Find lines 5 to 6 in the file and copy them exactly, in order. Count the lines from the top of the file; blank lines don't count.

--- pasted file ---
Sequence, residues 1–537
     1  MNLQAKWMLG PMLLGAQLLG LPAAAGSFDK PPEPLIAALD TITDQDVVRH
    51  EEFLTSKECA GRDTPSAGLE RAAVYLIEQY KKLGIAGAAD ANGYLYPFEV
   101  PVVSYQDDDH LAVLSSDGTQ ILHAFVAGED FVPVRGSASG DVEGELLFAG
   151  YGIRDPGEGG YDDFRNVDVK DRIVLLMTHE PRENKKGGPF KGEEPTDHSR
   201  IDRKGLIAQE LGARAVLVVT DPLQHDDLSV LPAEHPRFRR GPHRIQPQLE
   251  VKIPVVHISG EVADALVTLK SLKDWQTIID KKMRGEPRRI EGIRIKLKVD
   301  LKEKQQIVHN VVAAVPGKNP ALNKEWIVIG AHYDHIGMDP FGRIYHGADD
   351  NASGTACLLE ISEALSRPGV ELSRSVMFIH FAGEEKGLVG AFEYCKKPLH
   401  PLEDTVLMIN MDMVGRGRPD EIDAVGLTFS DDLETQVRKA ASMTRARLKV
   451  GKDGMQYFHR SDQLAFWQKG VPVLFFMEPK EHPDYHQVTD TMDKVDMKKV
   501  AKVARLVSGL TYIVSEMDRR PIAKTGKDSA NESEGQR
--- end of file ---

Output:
   151  YGIRDPGEGG YDDFRNVDVK DRIVLLMTHE PRENKKGGPF KGEEPTDHSR
   201  IDRKGLIAQE LGARAVLVVT DPLQHDDLSV LPAEHPRFRR GPHRIQPQLE